Trimwork - Caulking

Samantha111July 30, 2011

So do you caulk around trimwork, windows and doors? My painter did this. I think I actually like the look of uncaulked where the natural seams between things are visible. Is that maybe what we see in old homes or buildings? It looks very clean but I'm not sure this is what I'm used to looking at.

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Yes, it is normal for trim to be caulked.

    Bookmark   July 31, 2011 at 10:11AM
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But Samantha, you are right, it's not historical. Before latex sealants, painters only had oil-based putties. So it was just paint that filled most cracks.
Today most people like things to look hermetically sealed/seamless, when for years is wasn't the case, unless your woodwork was spectacularly good, you accepted an occasional seam.
On home exteriors, most failures from rot are caused by over-caulking of things, not under-caulking; so less is definitely more.

    Bookmark   July 31, 2011 at 2:39PM
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Interesting. I think the seamless trim does lose some dimension. I probably won't notice it after a while but it looks unnatural to me for it to morph into the wall. It has kind of a molded look. It's white on white right now so I'm sure it will not be so obvious with a bit of contrast in color.

They also painted the hand plastered ceiling losing some of the fine detail of the hand finish and natural look of the plaster.

I guess we're all used to different things. The imperfection and hand tooled workmanship is why I love the old places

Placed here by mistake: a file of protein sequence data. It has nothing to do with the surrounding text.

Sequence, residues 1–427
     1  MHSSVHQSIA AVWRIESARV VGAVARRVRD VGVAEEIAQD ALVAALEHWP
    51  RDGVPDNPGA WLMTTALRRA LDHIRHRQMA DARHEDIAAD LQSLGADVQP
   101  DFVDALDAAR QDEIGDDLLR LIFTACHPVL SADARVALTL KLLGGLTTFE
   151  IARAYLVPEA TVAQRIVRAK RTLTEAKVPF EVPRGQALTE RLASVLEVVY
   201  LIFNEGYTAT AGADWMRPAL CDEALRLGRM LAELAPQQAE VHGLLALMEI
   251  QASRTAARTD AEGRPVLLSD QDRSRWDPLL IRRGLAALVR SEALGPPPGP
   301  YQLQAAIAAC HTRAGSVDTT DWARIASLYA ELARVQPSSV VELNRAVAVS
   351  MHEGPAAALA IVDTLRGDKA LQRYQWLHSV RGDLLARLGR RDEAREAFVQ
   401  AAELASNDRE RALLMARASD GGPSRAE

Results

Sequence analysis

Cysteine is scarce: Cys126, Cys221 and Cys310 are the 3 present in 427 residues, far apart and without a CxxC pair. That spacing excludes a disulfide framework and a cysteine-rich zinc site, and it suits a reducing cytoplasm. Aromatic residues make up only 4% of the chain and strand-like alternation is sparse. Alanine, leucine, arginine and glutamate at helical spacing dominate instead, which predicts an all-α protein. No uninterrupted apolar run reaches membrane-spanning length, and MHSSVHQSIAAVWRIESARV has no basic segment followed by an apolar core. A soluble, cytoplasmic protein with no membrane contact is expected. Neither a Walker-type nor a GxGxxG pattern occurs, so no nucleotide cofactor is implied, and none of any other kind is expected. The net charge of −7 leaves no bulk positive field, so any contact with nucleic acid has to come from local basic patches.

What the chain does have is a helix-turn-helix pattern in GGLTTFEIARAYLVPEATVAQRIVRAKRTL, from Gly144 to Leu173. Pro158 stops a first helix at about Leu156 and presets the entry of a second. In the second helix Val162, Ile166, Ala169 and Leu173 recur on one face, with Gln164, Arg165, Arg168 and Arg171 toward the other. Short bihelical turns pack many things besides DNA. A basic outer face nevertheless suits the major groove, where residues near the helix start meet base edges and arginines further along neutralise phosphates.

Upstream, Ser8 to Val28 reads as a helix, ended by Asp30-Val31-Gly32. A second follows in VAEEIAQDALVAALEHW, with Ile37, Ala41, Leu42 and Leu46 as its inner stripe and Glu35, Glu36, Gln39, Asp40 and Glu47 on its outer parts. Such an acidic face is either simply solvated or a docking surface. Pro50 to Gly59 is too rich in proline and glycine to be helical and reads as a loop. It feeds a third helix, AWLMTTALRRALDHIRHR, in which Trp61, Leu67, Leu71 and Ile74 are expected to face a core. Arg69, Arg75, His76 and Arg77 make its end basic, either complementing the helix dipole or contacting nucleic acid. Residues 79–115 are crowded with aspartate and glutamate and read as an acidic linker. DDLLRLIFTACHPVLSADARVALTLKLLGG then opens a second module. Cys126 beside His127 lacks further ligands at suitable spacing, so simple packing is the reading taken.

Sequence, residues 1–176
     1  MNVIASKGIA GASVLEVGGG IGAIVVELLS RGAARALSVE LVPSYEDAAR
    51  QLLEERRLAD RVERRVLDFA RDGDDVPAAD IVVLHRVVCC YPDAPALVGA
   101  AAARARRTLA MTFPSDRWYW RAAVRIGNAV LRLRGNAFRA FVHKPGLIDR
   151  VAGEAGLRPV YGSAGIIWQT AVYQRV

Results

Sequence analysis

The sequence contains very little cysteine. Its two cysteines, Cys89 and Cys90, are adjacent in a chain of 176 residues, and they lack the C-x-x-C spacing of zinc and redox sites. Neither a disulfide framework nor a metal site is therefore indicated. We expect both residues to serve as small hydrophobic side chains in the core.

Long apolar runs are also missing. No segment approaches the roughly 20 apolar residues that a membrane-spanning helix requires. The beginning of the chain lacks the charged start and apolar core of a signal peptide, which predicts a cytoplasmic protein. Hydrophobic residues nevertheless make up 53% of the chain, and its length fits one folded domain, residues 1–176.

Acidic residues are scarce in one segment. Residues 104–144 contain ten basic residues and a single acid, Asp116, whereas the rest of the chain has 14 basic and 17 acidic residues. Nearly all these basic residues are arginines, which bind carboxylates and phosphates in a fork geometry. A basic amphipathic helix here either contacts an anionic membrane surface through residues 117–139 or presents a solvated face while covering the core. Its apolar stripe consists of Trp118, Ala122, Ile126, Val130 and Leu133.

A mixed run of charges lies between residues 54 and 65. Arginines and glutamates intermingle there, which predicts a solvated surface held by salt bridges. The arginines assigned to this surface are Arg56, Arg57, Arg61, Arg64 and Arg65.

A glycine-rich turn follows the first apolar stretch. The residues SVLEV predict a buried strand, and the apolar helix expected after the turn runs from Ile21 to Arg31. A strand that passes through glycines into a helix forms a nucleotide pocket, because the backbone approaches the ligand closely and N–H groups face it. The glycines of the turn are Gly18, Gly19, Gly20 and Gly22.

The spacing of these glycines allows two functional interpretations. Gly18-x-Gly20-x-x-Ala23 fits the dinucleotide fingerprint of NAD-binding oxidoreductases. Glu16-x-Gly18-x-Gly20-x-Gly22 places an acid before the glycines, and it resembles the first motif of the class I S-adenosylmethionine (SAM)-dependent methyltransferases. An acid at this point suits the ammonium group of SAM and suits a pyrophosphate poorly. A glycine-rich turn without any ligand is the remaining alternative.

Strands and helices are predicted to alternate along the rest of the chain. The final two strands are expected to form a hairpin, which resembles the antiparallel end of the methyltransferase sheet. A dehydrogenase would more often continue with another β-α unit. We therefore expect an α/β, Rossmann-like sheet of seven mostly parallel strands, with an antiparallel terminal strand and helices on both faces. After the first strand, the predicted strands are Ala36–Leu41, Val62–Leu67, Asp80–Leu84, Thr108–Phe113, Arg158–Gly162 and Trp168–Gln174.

Bookmark   August 1, 2011 at 9:38PM
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"The imperfection and hand tooled workmanship is why I love the old places"

That's why it's sad when painters prep, sand, caulk, fill and then SPRAY original trim work in older period historical homes rather than replicate by using a brush! Reputable renovating contractors insist on the finishers replicating back to the original as close as possible, but it comes at a price.

    Bookmark   August 2, 2011 at 11:50AM
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I love the brushwork too. I don't want my finishes to look sprayed or for all the brushwork to flow together for a smooth slick surface. I'm going to be doing some cabinet painting and would like to use a brush. This place is, unfortunately, not old. So slick and clean modern materials and methods are the norm so don't look out of place. I have to reach a happy medium around here for that reason. Otherwise it wouldn't relate to the house well. It's relatively new construction and materials. But I do love the old more and for the touch of the craftsman's hand to be seen not covered. It just feels very personal, human and real or natural.

    Bookmark   August 2, 2011 at 1:04PM
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Sorry, looking at what I wrote, I shouldn't say unfortunately my home isn't old. It just isn't very special. At all. There are lots of great things about the new and it can obviously be beautiful too when well done. I just love the old places and ways and am weary of cheap mass produced things and all the plastic I have to choose from right now!

Thanks for your help and input.

    Bookmark   August 3, 2011 at 8:52AM
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